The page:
Basketball / Sports

Miami Heat LeBron James takes a shot against Brooklyn Nets' Shaun Livingston in Game 2 of Eastern Conference semifinals on Thursday, May 8, 2014, in Miami. (Robert Duyos/Sun Sentinel/MCT)

Starters' struggles haunting Nets as series shifts to Brooklyn

MIAMI -- After a blowout loss to open the Eastern Conference semifinals, the Brooklyn Nets vowed to be more aggressive, to attack the paint, and to play with more energy against the Miami Heat in Game 2.

They felt they did that on Thursday night and were where they wanted to be in the fourth quarter when they were within two points with 6:55 left.

Then the Heat went on a 7-0 run. Later came the 100-second possession in which Miami pulled down three offensive rebounds, gave itself a 10-point lead with less than two minutes remaining and virtually ended the Nets' hopes of taking a tied series back to Brooklyn.

It was a stretch that highlighted one of the biggest problems the Nets have had in the playoffs against the Heat. After winning all four against Miami in the regular season, Brooklyn is struggling to get the production it needs from some of its biggest stars -- when they are needed most.

In back-to-back games, two Brooklyn starters have come up empty. First it was veteran Kevin Garnett, who went scoreless for the first time in his 139-game postseason career on Tuesday. Thursday wasn't much better as he finished with just four points, with both of his field goals coming in the second half.

Then Deron Williams, who had 17 points in Game 1, went scoreless in the Nets 94-82 loss on Thursday. It was the first time in 60 postseason games the three-time All-Star went without scoring.

"They put two on the ball. I was aggressive. I got to the point, I just didn't hit any shots," Williams said. "I'd still do the same things as far as when I'm doubled ... attack in transition. I just couldn't buy a bucket or get to the free-throw line."

Added Garnett, who did have a game-high 12 rebounds: "I am trying to get a flow and a rhythm and try to bring something. It's just frustrating. I'm working. I'm going to continue to work and continue to find ways to be aggressive. Offensively, I got to continue to set picks and get these guys open and looking for an opportunity. Other than that, rebounding the ball, box out as much as I can, continue to talk and respond."

The lone positive Williams pointed out after Thursday's loss is that with their season hanging in the balance, there's little time for the Nets to dwell on their two losses in Miami. They'll be back on their home floor on Saturday and understand the need to get back to the kind of the basketball they played against the Heat during the regular season.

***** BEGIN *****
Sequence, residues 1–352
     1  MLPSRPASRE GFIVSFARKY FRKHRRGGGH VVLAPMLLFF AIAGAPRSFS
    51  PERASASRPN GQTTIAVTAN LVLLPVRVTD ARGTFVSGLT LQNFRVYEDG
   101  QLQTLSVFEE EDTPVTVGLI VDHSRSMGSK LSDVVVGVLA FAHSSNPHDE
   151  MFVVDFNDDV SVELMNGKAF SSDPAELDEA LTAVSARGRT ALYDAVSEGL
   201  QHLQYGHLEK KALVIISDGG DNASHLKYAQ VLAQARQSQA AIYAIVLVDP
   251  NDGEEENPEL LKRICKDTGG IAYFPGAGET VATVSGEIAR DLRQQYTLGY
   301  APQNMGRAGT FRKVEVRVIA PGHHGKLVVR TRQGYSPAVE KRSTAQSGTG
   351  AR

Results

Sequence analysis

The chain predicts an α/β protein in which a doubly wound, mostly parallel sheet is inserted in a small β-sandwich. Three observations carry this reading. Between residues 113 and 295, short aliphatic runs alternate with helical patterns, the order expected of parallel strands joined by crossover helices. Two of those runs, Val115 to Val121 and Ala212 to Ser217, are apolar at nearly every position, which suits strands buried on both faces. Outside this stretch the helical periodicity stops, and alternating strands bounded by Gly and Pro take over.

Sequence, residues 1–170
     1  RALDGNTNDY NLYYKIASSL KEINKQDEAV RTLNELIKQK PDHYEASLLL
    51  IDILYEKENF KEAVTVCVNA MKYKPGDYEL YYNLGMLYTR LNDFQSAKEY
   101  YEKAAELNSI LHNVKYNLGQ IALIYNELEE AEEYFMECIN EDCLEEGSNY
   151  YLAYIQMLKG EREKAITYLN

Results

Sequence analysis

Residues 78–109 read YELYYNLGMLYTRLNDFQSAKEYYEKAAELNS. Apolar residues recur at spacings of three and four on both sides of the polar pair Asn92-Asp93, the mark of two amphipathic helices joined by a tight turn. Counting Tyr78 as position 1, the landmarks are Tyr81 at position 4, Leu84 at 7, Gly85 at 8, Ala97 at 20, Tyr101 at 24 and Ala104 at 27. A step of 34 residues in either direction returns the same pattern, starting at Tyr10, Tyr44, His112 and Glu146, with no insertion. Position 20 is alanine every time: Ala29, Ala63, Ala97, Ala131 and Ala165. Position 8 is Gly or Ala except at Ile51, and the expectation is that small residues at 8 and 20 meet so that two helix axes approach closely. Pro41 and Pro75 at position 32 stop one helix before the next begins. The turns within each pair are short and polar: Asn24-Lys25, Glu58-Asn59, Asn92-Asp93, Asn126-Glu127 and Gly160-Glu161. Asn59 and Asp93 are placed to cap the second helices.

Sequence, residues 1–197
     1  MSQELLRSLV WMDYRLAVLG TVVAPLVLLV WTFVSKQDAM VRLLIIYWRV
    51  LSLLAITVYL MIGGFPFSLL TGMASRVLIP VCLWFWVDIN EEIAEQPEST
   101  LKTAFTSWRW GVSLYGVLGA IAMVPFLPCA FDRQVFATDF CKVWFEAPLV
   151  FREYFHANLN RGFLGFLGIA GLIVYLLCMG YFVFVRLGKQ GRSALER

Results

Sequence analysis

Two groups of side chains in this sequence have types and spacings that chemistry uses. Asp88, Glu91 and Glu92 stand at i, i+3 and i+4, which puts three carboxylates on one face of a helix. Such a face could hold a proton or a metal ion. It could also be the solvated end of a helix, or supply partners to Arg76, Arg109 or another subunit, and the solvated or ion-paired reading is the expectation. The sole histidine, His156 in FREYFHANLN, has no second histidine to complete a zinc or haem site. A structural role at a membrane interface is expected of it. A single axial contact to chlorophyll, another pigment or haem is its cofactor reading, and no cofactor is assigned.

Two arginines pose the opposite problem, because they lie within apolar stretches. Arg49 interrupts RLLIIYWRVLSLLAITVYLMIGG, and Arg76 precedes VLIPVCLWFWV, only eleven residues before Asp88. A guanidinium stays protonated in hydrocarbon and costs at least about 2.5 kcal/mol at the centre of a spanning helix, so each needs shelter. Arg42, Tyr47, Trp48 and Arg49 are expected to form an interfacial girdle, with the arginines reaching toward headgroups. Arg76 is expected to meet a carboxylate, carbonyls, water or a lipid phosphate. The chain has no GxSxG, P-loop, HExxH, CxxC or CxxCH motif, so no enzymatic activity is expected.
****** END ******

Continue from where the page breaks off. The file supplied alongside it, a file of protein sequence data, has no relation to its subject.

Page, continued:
"We have to figure out what we did wrong here late in the game, try to clean those things up. I thought we defended them tough," forward Paul Pierce said. "We saw some good, positive things. Unlike Game 1, Game 2 we played with a lot more grit, made it tough on them. The only thing we've got to do right now is try to get two at home."

Production from the bench

While some of their starters struggled, Brooklyn got some production early from its bench players, who combined for 37 points led by forward Mirza Teletovic's career postseason-high 20 points.

But Teletovic got 15 of those points in the first half, before the Heat adjusted.

"I think it is normal once you make four, five (3-pointers) they kind of try to stay with you more," Teletovic said. "If they stay with me, someone else will be open and that's what we want."

Rebounding edge

The Nets may have outrebounded Miami 43-36, but after Thursday's loss, Brooklyn's players were more concerned with the three rebounds they didn't grab late on Miami's big fourth-quarter possession.

"That was a killer. We couldn't come up with the rebound. It was almost as if we just didn't have the energy or the effort down the stretch," Joe Johnson said.

(c)2014 Sun Sentinel (Fort Lauderdale, Fla.)

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Distributed by MCT Information Services

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